Nightfall and Vows
Here's what caught me tonight reading Fellowship of the Ring:
"On [the Ring-bearer] alone is any charge laid... the others go with him as free companions to help him on his way. You may tarry, or come back, or turn aside into other paths, as chance allows. The further you go, the less easy will it be to withdraw; yet no oath or bond is laid on you to go further than you will. For you do not yet know the strength of your hearts, and you cannot foresee what each may meet upon the road."
"Faithless is he that says farewell when the road darkens," said Gimli.
"Maybe," said Elrond, "but let him not vow to walk in the dark, who has not seen the nightfall."
"Yet sworn word may strengthen quaking heart," said Gimli.
"Or break it," said Elrond. "Look not too far ahead! But go now with good hearts!"
Oaths do make and break hearts. They bind, and sometimes the binding is what breaks us most deeply. But we cannot live without them.
My family revolves around vows -- my parents' wedding vows, the vows taken at the adoption of my siblings, my vows of church membership. There are other, more implicit, more subtle vows that bind just as much. I'm a student by choice, so I work hard on academics. I'm a sister. I'm an officer in a club. I'm a friend.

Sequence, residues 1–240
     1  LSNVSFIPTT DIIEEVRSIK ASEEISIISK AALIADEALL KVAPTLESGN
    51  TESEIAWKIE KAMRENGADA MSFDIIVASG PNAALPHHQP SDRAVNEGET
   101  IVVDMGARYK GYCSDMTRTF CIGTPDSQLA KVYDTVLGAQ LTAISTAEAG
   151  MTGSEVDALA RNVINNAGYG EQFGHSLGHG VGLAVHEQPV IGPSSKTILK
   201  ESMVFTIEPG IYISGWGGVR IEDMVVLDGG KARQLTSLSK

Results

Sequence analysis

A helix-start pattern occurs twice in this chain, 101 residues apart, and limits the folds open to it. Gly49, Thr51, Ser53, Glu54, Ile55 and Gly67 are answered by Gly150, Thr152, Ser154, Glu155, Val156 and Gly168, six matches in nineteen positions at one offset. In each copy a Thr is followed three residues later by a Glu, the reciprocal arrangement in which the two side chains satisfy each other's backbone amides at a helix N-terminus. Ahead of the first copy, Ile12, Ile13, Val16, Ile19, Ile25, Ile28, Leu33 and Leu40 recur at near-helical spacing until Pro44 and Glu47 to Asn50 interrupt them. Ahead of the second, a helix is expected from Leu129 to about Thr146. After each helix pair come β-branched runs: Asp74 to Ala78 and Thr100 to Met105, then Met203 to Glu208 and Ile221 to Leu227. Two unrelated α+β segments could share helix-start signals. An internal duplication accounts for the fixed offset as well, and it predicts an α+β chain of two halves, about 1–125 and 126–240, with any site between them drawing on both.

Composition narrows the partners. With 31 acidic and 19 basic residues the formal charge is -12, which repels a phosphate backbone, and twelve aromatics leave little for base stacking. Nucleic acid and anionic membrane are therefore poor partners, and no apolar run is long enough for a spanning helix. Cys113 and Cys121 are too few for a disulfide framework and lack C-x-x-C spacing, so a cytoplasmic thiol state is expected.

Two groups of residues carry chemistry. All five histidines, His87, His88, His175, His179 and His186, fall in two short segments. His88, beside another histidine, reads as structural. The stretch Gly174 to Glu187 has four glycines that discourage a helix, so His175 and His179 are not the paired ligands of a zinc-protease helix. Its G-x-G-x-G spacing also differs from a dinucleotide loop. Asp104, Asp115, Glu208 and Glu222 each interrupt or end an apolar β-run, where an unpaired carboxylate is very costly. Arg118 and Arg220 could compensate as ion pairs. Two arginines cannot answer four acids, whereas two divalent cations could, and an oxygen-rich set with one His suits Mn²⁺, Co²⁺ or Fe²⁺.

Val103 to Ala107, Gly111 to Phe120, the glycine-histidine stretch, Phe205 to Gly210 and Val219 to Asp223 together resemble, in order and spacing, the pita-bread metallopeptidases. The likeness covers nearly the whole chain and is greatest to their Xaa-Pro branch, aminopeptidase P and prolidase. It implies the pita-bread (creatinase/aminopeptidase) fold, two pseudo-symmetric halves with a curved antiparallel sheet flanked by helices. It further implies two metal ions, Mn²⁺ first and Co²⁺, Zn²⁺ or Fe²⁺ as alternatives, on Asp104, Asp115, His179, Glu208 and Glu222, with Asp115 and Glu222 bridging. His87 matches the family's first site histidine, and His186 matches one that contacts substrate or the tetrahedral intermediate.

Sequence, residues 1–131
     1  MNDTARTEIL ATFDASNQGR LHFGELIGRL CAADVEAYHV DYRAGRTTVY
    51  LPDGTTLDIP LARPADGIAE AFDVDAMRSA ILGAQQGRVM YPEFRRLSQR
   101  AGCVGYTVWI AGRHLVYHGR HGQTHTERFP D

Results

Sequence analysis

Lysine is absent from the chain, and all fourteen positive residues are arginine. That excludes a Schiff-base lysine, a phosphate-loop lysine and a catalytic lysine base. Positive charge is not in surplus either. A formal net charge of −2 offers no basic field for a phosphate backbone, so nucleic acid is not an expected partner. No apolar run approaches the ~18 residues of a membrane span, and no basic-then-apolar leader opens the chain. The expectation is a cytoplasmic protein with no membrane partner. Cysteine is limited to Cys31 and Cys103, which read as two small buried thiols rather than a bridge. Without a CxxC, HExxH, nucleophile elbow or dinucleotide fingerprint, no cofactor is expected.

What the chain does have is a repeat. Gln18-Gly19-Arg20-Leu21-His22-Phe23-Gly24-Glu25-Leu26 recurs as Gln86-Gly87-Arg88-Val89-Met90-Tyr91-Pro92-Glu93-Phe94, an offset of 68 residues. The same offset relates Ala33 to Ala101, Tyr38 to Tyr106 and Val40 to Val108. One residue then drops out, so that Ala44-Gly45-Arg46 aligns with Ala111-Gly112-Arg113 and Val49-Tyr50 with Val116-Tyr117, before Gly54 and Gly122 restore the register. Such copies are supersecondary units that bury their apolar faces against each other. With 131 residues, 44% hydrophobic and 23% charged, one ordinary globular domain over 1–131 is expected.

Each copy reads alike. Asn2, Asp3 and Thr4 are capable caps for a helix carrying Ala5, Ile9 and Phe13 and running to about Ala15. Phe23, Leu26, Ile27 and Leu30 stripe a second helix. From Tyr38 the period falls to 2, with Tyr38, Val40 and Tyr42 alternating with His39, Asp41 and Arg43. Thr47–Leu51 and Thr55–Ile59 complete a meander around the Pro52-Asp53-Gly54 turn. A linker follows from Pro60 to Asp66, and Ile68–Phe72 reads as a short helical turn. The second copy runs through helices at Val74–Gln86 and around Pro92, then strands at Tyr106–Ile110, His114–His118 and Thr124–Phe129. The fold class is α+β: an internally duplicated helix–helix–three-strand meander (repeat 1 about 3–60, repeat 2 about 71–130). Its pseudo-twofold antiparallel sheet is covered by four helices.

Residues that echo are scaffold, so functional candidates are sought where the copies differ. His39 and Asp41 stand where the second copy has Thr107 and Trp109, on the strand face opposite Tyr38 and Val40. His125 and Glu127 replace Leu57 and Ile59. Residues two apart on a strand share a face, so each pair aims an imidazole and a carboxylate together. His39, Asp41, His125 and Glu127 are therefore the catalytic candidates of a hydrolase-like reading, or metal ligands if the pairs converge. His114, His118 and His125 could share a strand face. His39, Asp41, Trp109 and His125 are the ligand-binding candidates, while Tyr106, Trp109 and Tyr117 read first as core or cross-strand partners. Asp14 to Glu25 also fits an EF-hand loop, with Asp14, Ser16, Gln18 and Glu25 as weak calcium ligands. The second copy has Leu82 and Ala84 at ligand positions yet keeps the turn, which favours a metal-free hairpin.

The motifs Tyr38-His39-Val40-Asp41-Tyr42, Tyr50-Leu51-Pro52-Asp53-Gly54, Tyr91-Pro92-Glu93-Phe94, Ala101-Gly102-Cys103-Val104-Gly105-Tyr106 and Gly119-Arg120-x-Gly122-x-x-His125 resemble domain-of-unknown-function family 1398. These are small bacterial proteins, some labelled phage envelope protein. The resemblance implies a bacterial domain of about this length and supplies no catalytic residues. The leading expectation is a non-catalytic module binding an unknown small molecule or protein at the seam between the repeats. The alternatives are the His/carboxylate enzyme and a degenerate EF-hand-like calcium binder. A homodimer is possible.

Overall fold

And I'm still grateful for people who have made me be intentional about what I bind myself to. A lot of it went on as I grew up and Mom gave me more influence in what I studied. I remember a lot of that going on freshman year: the ones who made me think about communion, the ones who made me think about friendship, the ones who made me think about academics.
For all the ones who said, "What do you really want? Is this what you really want?" and then looked at me as I said, "Yes."
One of the songs made for the Fellowship of the Ring movie has the catching line,
May it be
When darkness falls
Will be true.
May it be indeed.
What other than a vow to walk in the darkness would ever press us onward when we do finally see nightfall?
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